Lemon-colored beagle puppies’ coats can be classified as lemon (AKC registration code 114) or lemon and white (AKC registration code 115). Purebred beagles always have at least two colors. The same is true with lemon beagles and lemon and white beagle dogs.
The Lemon Beagle Temperament/ Personality
Lemon beagles are known for being affectionate dogs that enjoy the company of their family members. They adapt well to households with children, as well as other pets which makes them good family dogs. This is likely due to them being bred to be pack dogs.
Cheerful and energetic, beagles love joining their family and other pack members in activities such as playtime in the park, jogging, or going on walkies.
If you are considering getting a lemon beagle puppy or adult dog, keep in mind that they are always led by their noses. They do not respond well to harsh training. Positive reinforcement is the way to go when it comes to training beagles.
Bred as hunting dogs and having one of the most developed senses of smell in the canine world, lemon beagle dogs can be pretty determined once they have picked up a scent. It can be quite a challenge to recall a lemon beagle once it is in pursuit of a scent.
This is why it is recommended that beagles be walked on a leash at all times to prevent them from running off.
Their powerful noses are the reason why they are often used as detector dogs. They sniff out anything from contraband to termites and bed bugs.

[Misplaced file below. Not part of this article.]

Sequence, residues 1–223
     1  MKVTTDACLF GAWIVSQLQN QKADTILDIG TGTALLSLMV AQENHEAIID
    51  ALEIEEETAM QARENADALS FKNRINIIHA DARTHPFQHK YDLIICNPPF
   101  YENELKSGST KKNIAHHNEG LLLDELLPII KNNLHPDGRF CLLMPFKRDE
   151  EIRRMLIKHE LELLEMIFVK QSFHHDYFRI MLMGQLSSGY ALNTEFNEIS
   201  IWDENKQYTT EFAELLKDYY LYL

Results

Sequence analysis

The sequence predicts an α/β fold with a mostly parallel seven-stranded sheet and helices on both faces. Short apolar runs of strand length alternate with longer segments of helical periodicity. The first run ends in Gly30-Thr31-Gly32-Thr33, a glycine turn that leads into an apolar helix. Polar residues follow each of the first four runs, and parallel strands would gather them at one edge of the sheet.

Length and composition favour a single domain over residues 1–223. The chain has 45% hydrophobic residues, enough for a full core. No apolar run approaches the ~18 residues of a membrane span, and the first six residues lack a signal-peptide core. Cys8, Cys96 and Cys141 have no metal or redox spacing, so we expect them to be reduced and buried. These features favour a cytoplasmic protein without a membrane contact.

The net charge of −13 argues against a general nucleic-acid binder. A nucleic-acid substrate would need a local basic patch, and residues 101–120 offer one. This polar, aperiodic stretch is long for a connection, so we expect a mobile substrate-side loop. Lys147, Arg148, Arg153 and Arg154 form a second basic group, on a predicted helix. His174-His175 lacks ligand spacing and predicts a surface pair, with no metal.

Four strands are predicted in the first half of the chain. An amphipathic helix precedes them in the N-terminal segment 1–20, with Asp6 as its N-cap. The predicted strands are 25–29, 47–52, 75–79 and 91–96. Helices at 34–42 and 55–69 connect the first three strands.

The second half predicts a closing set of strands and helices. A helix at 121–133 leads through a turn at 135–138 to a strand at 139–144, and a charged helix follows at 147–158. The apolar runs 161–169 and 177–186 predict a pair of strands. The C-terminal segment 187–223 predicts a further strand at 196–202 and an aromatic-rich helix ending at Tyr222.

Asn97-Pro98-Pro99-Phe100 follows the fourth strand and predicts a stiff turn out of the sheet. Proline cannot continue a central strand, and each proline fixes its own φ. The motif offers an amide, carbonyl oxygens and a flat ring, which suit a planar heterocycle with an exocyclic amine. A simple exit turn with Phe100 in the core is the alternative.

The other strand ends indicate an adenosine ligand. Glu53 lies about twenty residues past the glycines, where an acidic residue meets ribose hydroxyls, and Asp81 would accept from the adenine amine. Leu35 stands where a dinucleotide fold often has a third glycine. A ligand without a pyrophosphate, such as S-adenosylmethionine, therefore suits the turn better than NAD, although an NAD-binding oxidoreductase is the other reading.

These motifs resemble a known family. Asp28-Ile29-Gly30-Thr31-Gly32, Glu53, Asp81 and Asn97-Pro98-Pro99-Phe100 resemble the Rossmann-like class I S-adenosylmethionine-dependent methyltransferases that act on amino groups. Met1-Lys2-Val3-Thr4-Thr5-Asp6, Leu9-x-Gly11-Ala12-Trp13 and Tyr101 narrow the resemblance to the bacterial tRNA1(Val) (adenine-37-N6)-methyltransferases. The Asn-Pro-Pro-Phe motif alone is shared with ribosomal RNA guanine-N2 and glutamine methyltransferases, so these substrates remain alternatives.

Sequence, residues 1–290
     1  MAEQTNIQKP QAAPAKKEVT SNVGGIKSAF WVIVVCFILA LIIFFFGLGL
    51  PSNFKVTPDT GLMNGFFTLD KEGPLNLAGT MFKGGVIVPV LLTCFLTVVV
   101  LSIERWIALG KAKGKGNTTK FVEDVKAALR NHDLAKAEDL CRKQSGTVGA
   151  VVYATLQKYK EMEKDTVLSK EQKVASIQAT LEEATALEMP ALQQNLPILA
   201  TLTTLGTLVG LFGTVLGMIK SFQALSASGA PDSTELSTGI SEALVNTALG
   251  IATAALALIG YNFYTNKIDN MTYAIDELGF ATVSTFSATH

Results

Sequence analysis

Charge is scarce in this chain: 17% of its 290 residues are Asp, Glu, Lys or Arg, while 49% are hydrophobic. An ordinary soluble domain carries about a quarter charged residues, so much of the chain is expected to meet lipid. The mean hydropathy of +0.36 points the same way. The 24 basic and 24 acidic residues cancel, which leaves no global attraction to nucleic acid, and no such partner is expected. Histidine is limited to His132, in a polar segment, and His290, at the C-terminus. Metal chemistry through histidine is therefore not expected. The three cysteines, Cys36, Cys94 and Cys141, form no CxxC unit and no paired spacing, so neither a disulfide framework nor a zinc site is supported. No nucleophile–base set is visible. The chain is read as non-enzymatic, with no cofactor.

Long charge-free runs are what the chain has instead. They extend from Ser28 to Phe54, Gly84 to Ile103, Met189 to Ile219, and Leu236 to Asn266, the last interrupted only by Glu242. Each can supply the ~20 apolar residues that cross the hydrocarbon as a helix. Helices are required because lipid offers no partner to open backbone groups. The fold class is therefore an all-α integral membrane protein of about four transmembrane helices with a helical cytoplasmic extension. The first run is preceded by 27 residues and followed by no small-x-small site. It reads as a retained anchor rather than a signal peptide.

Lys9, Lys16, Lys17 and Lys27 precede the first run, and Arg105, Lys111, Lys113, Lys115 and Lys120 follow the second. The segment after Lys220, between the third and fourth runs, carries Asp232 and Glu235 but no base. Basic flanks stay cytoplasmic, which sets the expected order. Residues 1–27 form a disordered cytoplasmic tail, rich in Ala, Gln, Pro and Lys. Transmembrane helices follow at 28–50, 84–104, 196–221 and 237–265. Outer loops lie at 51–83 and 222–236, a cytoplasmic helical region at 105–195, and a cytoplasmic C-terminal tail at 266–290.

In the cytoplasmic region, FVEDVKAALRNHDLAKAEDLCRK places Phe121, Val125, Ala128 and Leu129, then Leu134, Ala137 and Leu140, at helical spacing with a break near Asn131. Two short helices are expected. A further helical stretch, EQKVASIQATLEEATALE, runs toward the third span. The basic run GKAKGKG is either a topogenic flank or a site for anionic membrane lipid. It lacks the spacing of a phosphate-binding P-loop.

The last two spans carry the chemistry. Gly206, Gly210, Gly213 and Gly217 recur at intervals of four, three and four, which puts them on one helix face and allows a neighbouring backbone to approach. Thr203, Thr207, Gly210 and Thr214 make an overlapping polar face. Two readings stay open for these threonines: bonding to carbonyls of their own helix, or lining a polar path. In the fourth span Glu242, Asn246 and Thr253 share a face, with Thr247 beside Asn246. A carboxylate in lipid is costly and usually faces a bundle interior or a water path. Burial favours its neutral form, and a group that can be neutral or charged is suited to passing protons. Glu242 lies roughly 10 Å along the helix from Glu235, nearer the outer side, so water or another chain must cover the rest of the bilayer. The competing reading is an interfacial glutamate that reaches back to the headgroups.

Being bred as hunting dogs does not equate to being good guard dogs. The lemon beagle’s friendly nature means that while they will bark at strangers, it is not that hard to win them over.
Beagles love being active but will happily chill at home as long as they are surrounded by their loved ones. A lemon beagle that has been left alone for many hours at home may howl, bark, or show destructive behavior. Having another dog or pet may help ease their boredom and separation anxiety.
Exercise for the Lemon Beagle
The intelligent hunting hound needs mental stimulation to keep them from getting bored. It is recommended that adult lemon beagles get at least an hour of exercise per day.
There are several ways you can ensure that your lemon beagle is healthy, active, and given the enrichment that he or she needs. No matter what activity you pick, always keep your dog hydrated and secured.
Walking or Jogging
Like any beagle, lemon beagles need to be walked at least once per day. This is a great way for them to maintain healthy muscles and keep fit; release pent-up energy; socialize with other dogs and people, as well as explore the outside scents, sights, and sounds.
Taking them for a jog around the area can be enjoyable for beagles too. These energetic pups can certainly keep up with their owners’ active lifestyles. If taking the dogs for a run, the exercise time can be shortened to around 20-30 minutes depending on your dog’s health.
Beagles are not built for long-distance running. Around 3 to 5 miles (5 to 8 km) runs should be the maximum for the lemon beagle. If you have a lemon beagle puppy, 1 mile should be the maximum distance that they walk until they reach adulthood.